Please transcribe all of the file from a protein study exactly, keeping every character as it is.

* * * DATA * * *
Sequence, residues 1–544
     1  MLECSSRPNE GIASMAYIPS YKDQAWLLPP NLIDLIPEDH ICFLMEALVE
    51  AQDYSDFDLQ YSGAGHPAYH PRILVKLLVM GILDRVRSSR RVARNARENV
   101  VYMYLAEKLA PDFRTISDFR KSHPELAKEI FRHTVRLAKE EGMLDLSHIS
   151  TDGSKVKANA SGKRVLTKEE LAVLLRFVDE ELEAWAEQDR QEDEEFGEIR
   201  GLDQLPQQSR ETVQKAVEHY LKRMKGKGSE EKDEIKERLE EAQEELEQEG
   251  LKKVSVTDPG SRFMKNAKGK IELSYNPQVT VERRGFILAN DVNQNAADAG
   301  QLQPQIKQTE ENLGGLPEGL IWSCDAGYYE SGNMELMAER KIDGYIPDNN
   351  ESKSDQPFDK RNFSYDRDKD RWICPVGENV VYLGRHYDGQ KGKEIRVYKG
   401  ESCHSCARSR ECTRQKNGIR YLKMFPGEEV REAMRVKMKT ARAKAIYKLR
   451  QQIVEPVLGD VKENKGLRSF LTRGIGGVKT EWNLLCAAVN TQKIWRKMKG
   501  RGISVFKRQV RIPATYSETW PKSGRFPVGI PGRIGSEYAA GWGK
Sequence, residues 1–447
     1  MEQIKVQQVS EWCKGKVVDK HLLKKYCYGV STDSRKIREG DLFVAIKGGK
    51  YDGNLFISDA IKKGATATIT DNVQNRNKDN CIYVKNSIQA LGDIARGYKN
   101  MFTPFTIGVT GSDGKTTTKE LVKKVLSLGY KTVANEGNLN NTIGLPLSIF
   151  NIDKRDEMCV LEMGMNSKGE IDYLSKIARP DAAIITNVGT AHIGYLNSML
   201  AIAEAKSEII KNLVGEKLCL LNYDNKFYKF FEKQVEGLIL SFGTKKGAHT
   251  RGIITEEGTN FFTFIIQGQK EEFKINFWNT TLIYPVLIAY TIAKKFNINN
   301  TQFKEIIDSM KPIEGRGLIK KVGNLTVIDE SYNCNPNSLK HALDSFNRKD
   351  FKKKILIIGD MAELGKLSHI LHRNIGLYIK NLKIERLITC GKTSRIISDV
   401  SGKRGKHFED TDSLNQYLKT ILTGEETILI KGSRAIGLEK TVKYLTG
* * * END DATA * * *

Sequence, residues 1–544
     1  MLECSSRPNE GIASMAYIPS YKDQAWLLPP NLIDLIPEDH ICFLMEALVE
    51  AQDYSDFDLQ YSGAGHPAYH PRILVKLLVM GILDRVRSSR RVARNARENV
   101  VYMYLAEKLA PDFRTISDFR KSHPELAKEI FRHTVRLAKE EGMLDLSHIS
   151  TDGSKVKANA SGKRVLTKEE LAVLLRFVDE ELEAWAEQDR QEDEEFGEIR
   201  GLDQLPQQSR ETVQKAVEHY LKRMKGKGSE EKDEIKERLE EAQEELEQEG
   251  LKKVSVTDPG SRFMKNAKGK IELSYNPQVT VERRGFILAN DVNQNAADAG
   301  QLQPQIKQTE ENLGGLPEGL IWSCDAGYYE SGNMELMAER KIDGYIPDNN
   351  ESKSDQPFDK RNFSYDRDKD RWICPVGENV VYLGRHYDGQ KGKEIRVYKG
   401  ESCHSCARSR ECTRQKNGIR YLKMFPGEEV REAMRVKMKT ARAKAIYKLR
   451  QQIVEPVLGD VKENKGLRSF LTRGIGGVKT EWNLLCAAVN TQKIWRKMKG
   501  RGISVFKRQV RIPATYSETW PKSGRFPVGI PGRIGSEYAA GWGK
Sequence, residues 1–447
     1  MEQIKVQQVS EWCKGKVVDK HLLKKYCYGV STDSRKIREG DLFVAIKGGK
    51  YDGNLFISDA IKKGATATIT DNVQNRNKDN CIYVKNSIQA LGDIARGYKN
   101  MFTPFTIGVT GSDGKTTTKE LVKKVLSLGY KTVANEGNLN NTIGLPLSIF
   151  NIDKRDEMCV LEMGMNSKGE IDYLSKIARP DAAIITNVGT AHIGYLNSML
   201  AIAEAKSEII KNLVGEKLCL LNYDNKFYKF FEKQVEGLIL SFGTKKGAHT
   251  RGIITEEGTN FFTFIIQGQK EEFKINFWNT TLIYPVLIAY TIAKKFNINN
   301  TQFKEIIDSM KPIEGRGLIK KVGNLTVIDE SYNCNPNSLK HALDSFNRKD
   351  FKKKILIIGD MAELGKLSHI LHRNIGLYIK NLKIERLITC GKTSRIISDV
   401  SGKRGKHFED TDSLNQYLKT ILTGEETILI KGSRAIGLEK TVKYLTG